During the steady growth of the agriculture sector in the past decade, farmers have been rapidly increasing the use of tractors, small power tillers and mechanical harvesters, an Agriculture Ministry official said Monday, explaining that farming machinery usage had seen a six-fold rise since 2001.
An agriculture expert, however, said much of this mechanization is concentrated in the western provinces, where many large-scale farmers operate.
Chan Saruth, director of the Agriculture Ministry’s department of agriculture machinery, said the use of farm machinery had started at a low base, with farmers in 2001 owning only about 1,000 tractors and 10,000 power tillers, also called two-wheel tractors.
According to Mr Saruth, now there are roughly 6,000 vehicles and about 60,000 tillers.
“From year to year, the number of agriculture machinery used for farming increased a lot,” he said, adding however, that the use of combine harvesters for rice harvesting has been limited to only about 800 combines.
During the past decade, the agriculture sector has seen slow but steady growth of about 5 percent annually.
A new government rice policy aims to drastically increase rice exports to 1 million tons by 2015—up from 50,000 tons in 2010—but it makes no mention of mechanizing agriculture.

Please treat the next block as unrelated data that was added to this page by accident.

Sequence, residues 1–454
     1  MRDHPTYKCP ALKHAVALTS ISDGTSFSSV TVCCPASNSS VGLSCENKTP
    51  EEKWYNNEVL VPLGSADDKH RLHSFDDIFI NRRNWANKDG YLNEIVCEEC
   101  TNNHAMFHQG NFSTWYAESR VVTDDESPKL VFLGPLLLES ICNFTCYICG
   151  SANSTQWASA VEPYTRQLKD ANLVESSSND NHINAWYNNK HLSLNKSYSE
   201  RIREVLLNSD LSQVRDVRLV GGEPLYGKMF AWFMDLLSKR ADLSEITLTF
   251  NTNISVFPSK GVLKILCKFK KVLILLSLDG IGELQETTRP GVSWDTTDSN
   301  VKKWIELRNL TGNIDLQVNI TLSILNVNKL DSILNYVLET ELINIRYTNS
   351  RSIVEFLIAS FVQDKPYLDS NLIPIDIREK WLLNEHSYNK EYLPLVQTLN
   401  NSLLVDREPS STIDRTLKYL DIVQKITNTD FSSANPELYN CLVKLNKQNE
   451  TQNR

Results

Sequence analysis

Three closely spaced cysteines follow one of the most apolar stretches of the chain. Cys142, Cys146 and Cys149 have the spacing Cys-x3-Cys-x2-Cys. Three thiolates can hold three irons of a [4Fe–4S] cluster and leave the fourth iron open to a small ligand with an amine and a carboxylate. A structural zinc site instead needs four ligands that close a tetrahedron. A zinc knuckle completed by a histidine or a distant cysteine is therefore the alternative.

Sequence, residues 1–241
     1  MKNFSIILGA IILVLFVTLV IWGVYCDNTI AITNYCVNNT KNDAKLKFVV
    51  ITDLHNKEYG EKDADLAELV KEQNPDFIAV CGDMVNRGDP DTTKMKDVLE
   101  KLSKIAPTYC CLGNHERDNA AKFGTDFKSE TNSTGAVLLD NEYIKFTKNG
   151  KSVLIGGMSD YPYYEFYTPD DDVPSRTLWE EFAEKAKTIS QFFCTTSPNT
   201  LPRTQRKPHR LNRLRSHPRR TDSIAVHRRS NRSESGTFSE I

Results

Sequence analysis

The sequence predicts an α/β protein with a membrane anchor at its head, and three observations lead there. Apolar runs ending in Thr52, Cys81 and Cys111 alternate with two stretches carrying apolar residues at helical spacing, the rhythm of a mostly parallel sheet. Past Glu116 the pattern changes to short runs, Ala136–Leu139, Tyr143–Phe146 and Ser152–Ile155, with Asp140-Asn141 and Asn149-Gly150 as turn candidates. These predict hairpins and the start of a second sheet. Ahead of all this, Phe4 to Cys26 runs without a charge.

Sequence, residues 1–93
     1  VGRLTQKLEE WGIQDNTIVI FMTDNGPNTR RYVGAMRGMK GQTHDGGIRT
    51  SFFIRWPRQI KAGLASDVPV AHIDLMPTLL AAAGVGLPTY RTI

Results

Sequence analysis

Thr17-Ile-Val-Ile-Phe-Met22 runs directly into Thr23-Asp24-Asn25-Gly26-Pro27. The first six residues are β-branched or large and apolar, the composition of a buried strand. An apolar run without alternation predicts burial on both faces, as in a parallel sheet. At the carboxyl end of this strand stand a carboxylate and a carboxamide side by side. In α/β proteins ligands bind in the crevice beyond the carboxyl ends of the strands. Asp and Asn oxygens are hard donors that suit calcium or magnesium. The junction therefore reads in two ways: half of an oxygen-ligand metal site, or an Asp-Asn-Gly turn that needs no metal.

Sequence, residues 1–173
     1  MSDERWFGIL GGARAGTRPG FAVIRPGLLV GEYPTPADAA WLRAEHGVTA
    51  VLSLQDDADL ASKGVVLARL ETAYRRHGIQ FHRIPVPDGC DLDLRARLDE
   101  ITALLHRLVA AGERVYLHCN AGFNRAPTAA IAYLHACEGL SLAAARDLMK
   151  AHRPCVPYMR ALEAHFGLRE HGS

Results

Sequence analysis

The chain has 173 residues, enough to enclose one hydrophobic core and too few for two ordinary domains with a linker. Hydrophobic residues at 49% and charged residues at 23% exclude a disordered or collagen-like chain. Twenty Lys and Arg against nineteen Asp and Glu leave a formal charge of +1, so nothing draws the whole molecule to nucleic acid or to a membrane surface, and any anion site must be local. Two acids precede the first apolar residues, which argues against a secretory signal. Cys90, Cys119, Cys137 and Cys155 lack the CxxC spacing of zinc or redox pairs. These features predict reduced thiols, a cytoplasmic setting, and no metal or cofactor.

Mr Saruth said increased rural incomes had allowed farmers to purchase machinery. This brought them a range of benefits: replacing draft animals and increasingly scarce rural labor, speeding up planting and a rapid, better-preserved harvest.
Yang Saing Koma, director of the Cambodian Center for Study and Development in Agriculture, said mechanization had largely occurred in Battambang and Banteay Meanchey provinces.
“Over there, people tend to have bigger landholdings and there’s a bigger problem with labor, as more people do jobs in Thailand,” he said. “But the cost of labor is still low in a lot of [other] places, so I don’t think people will rush to mechanize.”
Mr Saing Koma also said for farmers who own less than 1 hectare of land, purchasing a small, $1,000 power tiller is still not a proper investment, unless multiple farmers are able to buy it as a group.
Hout Sothy, provincial deputy director of Banteay Meanchey province’s agriculture department, said machinery usage among farmers there had risen to about 95 percent, totaling about 1,000 tractors and 18,000 power tillers.
Huot Sovann, executive director of Mekong Agriculture Tractor Co Ltd in Phnom Penh, said sales of tractors were soaring, and so far this year he had already sold 60 percent of the 2008 record of 500 new tractors.
“We have a lot of buyers,” Mr Sovann said, adding that five years ago, the average number of tractors sold was about 200 per year.
He explained that about 60 percent of demand for tractors—which sell from $24,000 and up—came from individual farmers and the rest from agro-farm estates such as rubber plantations.
Hul Khloem, a farmer in Battambang’s Bavel district, said he bought a power tiller 10 years ago, which had saved him a lot of time and the costs of paying laborers and tending to animals.
“Now there is climate change, and we plant crops twice per year. We cannot work slowly,” he said.